New soil for the “bonsai people” of Western Province: ZayoHub and community-centred design

Published on: 19/01/2021

“.. [underserved] people are like bonsai trees. There is nothing wrong in their seeds. Simply, society never gave them the base to grow on. All it needs… is for us to create an enabling environment for them. Once [they] can unleash their energy and creativity, poverty will disappear very quickly.” (Mohammed Yunus, 2007).

The soil is poor in Western Zambia – both literally and in terms of Mohammed Yunus’s metaphor. Climate is degrading already poor agricultural soils, causing crops to fail, while ‘the base for people to grow on’ is also lacking. 

Zeal has lacked soil. Before TRANSFORM enterprise ZayoHub came to her village, she supplemented her income from her small plot of land by selling fritters to her neighbours. She made very little profit on the single bucket of fritters she sold, despite the effort involved in buying the ingredients, and making and selling the fritters.

Zeal didn’t lack the desire, energy or creativity to grow her business, but she lacked the enabling environment. After spending the day looking after her five children, she only had enough daylight to make one bucket of fritters; only enough money to buy one bag of flour (once she’d spent $5 on the bus fare to get to the wholesalers); and wasn’t able to reach fritter-hungry customers in the nearby town.

Unleashing Zeal’s entrepreneurial creativity meant working with her and her community to create a solution that truly met her needs.

In 2018, TRANSFORM, a joint initiative between Unilever, the UK’s Foreign, Commonwealth & Development Office (FCDO) and EY, supported the innovative team to create ZayoHub in rural Zambia.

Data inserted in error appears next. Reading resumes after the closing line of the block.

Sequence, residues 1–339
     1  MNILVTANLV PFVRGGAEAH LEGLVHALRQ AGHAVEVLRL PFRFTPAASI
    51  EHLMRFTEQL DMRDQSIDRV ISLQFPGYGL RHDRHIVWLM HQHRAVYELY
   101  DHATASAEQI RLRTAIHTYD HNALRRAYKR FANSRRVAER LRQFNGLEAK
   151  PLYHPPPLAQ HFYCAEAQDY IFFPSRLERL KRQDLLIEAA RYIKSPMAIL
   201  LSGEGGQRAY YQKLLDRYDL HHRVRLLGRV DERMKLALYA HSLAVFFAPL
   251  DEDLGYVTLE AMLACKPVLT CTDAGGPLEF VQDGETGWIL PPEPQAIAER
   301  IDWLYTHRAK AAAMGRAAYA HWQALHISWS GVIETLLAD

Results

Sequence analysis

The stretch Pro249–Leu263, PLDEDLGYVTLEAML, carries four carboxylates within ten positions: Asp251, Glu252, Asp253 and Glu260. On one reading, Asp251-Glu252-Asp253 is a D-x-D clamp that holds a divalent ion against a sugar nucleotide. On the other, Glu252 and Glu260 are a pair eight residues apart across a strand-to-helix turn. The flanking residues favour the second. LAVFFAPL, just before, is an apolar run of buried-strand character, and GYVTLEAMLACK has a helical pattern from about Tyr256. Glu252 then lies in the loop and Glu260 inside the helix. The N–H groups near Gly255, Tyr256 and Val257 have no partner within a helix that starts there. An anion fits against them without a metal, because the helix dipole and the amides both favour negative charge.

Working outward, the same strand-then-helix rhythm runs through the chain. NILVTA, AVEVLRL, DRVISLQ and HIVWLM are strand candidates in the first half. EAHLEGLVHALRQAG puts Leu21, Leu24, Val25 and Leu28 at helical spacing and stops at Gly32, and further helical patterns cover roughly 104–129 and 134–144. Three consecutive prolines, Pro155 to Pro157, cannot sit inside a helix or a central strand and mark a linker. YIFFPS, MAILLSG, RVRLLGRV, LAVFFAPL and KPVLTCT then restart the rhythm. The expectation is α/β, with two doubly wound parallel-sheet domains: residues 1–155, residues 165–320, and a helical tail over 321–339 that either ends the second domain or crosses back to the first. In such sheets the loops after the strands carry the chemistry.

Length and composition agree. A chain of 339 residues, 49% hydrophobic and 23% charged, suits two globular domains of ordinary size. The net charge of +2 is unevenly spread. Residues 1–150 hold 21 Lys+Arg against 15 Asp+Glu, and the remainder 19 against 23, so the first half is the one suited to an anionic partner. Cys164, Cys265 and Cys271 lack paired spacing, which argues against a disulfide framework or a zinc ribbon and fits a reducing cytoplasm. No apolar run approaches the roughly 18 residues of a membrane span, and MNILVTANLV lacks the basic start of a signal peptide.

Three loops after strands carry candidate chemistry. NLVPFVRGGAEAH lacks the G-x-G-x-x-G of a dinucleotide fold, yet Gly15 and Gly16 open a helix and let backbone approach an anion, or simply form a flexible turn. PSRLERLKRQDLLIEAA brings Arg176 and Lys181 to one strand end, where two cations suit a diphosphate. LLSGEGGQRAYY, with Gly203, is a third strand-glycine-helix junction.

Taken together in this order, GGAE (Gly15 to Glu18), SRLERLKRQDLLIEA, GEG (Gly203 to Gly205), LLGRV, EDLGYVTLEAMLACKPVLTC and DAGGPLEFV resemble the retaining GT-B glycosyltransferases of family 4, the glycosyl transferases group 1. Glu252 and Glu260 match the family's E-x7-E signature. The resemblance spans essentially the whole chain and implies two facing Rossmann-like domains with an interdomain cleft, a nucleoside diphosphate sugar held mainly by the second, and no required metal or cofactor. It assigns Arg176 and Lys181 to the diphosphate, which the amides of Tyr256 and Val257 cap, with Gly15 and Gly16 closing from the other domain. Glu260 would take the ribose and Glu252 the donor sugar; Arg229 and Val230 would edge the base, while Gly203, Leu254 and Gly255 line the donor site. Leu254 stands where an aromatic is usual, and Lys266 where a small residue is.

ZayoHubs, in the first instance, are buildings with mobile phone masts and internet connections, both of which are powered by solar energy. They could be seen as just another ‘technology-based’ innovation, destined to fail in the last mile. However, ZayoHubs were co-created with communities from day one. Community members help to build the hubs; the facilities offered are designed and implemented with the community; and local youths are appointed to run the ZayoHubs.

This community-centred design meant that the ZayoHub in Zeal’s village could directly meet her needs – giving her the ‘soil’ to grow her business. Today, she rents a solar-charged battery from the ZayoHub that powers the light she uses as she makes fritters late into the night. Additionally, her microloan enables her to buy three bags of flour and rent the Zayo-bike that she uses to cycle to fritter-hungry customers in the local town.

We love this story at TRANSFORM. It demonstrates three key lessons:

  • The importance of designing with and for the community. Technology is key but needs to be integrated with sensitivity to effectively meet local needs and capabilities.  
  • That no one intervention alone will provide all the ‘soil’; instead it is necessary to create an enabling environment that consists of complementary innovations.
  • That creativity and entrepreneurism is alive and well at the base of the pyramid – treat the underserved as innovation partners rather than beneficiaries, and real change will be achieved.

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